The most complete tribute ever issued to the fiendish fingers and sublime artistry of a true virtuoso, Ruggiero Ricci: a feast of concerto, solo and recital repertoire recorded by Ricci, collected together for the first time, and including a previously unpublished set of the Brahms Violin Sonatas. Born Roger Rich to an Italian immigrant father on a Californian army base in 1918, he became Ruggiero Ricci when he was introduced to the New York musical public as a child prodigy violinist. By the time of his debut on Decca - the Tchaikovsky Concerto conducted by Sargent in 1950 - he was an experienced performer and recording artist who had already stunned audiences on both sides of the Atlantic with the solo-violin repertoire he would make his own: not only Bach but also Ysaÿe, Wieniawski and most of all Paganini, whose Caprices he was the first to record complete later in 1950. At the close of the Tchaikovsky sessions, the musicians of the New Symphony Orchestra burst into spontaneous applause. A new and typically illuminating essay by Tully Potter on Ricci's life and recorded legacy draws on previously unpublished correspondence and sheds light on the background to many of these recordings. Notable records of Ricci's famous cantabile in concerto repertoire include a hugely influential Paganini album with Anthony Collins and a gripping account of the Sibelius with Oivin Fjeldstad. There are two recordings of the Mendelssohn (1957 and 1974), the first with another 'prodigy', the conductor Piero Gamba, and the second recorded in Decca's Phase 4 stereo with Jean Fournet. He strikes sparks in partnership with Ernest Ansermet for Ravel's Tzigane and the solos in Tchaikovsky's Orchestral Suites. These (Suites Nos. 3 and 4) as well as sections featuring the solo violin, from the Fistoulari 'Phase 4' recording of Swan Lake, are included in this collection. Decca partnered Ricci with several notable pianists for recital repertoire, starting with his former teacher Louis Persinger and including Friedrich Gulda. Many of these chamber recordings (a Sarasate album, sonatas by Weber, Richard Strauss and Prokofiev) were made not in the Decca studios but in Ricci's home in New Jersey. While he recorded the Second and Third Brahms Sonatas with Julius Katchen in London in 1957, he also taped the cycle of three sonatas at home with Katchen three years earlier. These 1954 performances are issued here for the first time: essential listening for all fans of great violin playing.
The most complete tribute ever issued to the fiendish fingers and sublime artistry of a true virtuoso, Ruggiero Ricci: a feast of concerto, solo and recital repertoire recorded by Ricci, collected together for the first time, and including a previously unpublished set of the Brahms Violin Sonatas. Born Roger Rich to an Italian immigrant father on a Californian army base in 1918, he became Ruggiero Ricci when he was introduced to the New York musical public as a child prodigy violinist. By the time of his debut on Decca - the Tchaikovsky Concerto conducted by Sargent in 1950 - he was an experienced performer and recording artist who had already stunned audiences on both sides of the Atlantic with the solo-violin repertoire he would make his own: not only Bach but also Ysaÿe, Wieniawski and most of all Paganini, whose Caprices he was the first to record complete later in 1950. At the close of the Tchaikovsky sessions, the musicians of the New Symphony Orchestra burst into spontaneous applause. A new and typically illuminating essay by Tully Potter on Ricci's life and recorded legacy draws on previously unpublished correspondence and sheds light on the background to many of these recordings. Notable records of Ricci's famous cantabile in concerto repertoire include a hugely influential Paganini album with Anthony Collins and a gripping account of the Sibelius with Oivin Fjeldstad. There are two recordings of the Mendelssohn (1957 and 1974), the first with another 'prodigy', the conductor Piero Gamba, and the second recorded in Decca's Phase 4 stereo with Jean Fournet. He strikes sparks in partnership with Ernest Ansermet for Ravel's Tzigane and the solos in Tchaikovsky's Orchestral Suites. These (Suites Nos. 3 and 4) as well as sections featuring the solo violin, from the Fistoulari 'Phase 4' recording of Swan Lake, are included in this collection. Decca partnered Ricci with several notable pianists for recital repertoire, starting with his former teacher Louis Persinger and including Friedrich Gulda. Many of these chamber recordings (a Sarasate album, sonatas by Weber, Richard Strauss and Prokofiev) were made not in the Decca studios but in Ricci's home in New Jersey. While he recorded the Second and Third Brahms Sonatas with Julius Katchen in London in 1957, he also taped the cycle of three sonatas at home with Katchen three years earlier. These 1954 performances are issued here for the first time: essential listening for all fans of great violin playing.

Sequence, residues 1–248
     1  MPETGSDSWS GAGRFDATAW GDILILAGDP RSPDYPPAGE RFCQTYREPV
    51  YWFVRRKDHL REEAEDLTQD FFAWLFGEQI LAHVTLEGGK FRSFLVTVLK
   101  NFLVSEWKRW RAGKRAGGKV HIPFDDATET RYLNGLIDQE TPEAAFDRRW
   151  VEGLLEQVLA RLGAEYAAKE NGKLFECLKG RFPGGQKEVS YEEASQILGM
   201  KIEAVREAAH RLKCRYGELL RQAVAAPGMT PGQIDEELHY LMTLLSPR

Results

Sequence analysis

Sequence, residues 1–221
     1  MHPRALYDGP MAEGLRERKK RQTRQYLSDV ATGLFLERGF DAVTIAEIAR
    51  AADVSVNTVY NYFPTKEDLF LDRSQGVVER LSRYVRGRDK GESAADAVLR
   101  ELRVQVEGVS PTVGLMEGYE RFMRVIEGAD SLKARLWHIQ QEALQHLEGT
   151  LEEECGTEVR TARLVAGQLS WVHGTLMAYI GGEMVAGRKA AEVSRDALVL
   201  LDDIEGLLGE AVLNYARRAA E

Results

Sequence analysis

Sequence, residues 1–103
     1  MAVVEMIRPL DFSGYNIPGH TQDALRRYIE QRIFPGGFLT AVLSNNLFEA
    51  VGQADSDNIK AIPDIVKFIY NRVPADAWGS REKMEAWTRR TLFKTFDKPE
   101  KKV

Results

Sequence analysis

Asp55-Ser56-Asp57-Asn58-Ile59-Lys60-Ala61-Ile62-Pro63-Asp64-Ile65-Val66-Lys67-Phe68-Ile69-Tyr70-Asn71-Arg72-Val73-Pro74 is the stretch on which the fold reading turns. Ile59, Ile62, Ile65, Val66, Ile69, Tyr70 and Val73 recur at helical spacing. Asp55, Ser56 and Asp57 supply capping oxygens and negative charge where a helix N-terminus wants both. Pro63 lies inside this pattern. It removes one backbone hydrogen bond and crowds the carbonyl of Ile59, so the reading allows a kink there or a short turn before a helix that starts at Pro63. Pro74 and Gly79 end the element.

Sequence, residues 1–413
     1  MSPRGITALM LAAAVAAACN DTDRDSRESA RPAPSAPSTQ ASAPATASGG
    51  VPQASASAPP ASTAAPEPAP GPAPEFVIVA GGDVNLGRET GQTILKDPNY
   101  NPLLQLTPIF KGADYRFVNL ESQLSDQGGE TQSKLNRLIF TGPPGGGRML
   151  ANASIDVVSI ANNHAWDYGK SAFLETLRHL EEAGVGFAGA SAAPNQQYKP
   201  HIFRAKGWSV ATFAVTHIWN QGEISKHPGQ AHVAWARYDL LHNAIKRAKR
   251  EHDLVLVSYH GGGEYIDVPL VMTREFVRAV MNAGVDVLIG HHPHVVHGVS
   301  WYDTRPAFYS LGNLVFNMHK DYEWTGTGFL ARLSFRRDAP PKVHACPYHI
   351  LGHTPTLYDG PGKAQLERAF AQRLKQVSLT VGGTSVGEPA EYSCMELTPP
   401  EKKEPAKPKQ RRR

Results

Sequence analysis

028948421503
Complete Decca Recordings (Box) (Aus)
Artist: RUGGIERO RICCI
Format: CD
New: OUT OF STOCK. Contact us for availability!
Wish

Available Formats and Editions

DISC: 1

1. Ludwig Van Beethoven - Violin Concerto in D Major, Op. 61
2. Pyotr Ilyich Tchaikovsky - Violin Concerto in D Major, Op. 35, TH.59
3. Niccolò Paganini - Violin Concerto No. 1 in D Major, Op. 6
4. Niccolò Paganini - Violin Concerto No. 2 in B minor, Op. 7
5. Maurice Ravel - Tzigane - Concert Rhapsody for Violin and Orchestra
6. Jean Sibelius - Violin Concerto in D minor, Op. 47
7. Pyotr Ilyich Tchaikovsky - Sérénade Mélancolique; Scherzo (From Souvenir D'un Lieu Cher)
8. Aram Khachaturian - Violin Concerto in D minor
9. Felix Mendelssohn - Violin Concerto in E minor, Op. 64
10. Max Bruch - Violin Concerto No. 1 in G minor, Op. 26
11. Sergei Prokofiev - Violin Concerto No. 1 in D Major, Op. 19
12. Sergei Prokofiev - Violin Concerto No. 2 in G minor, Op. 63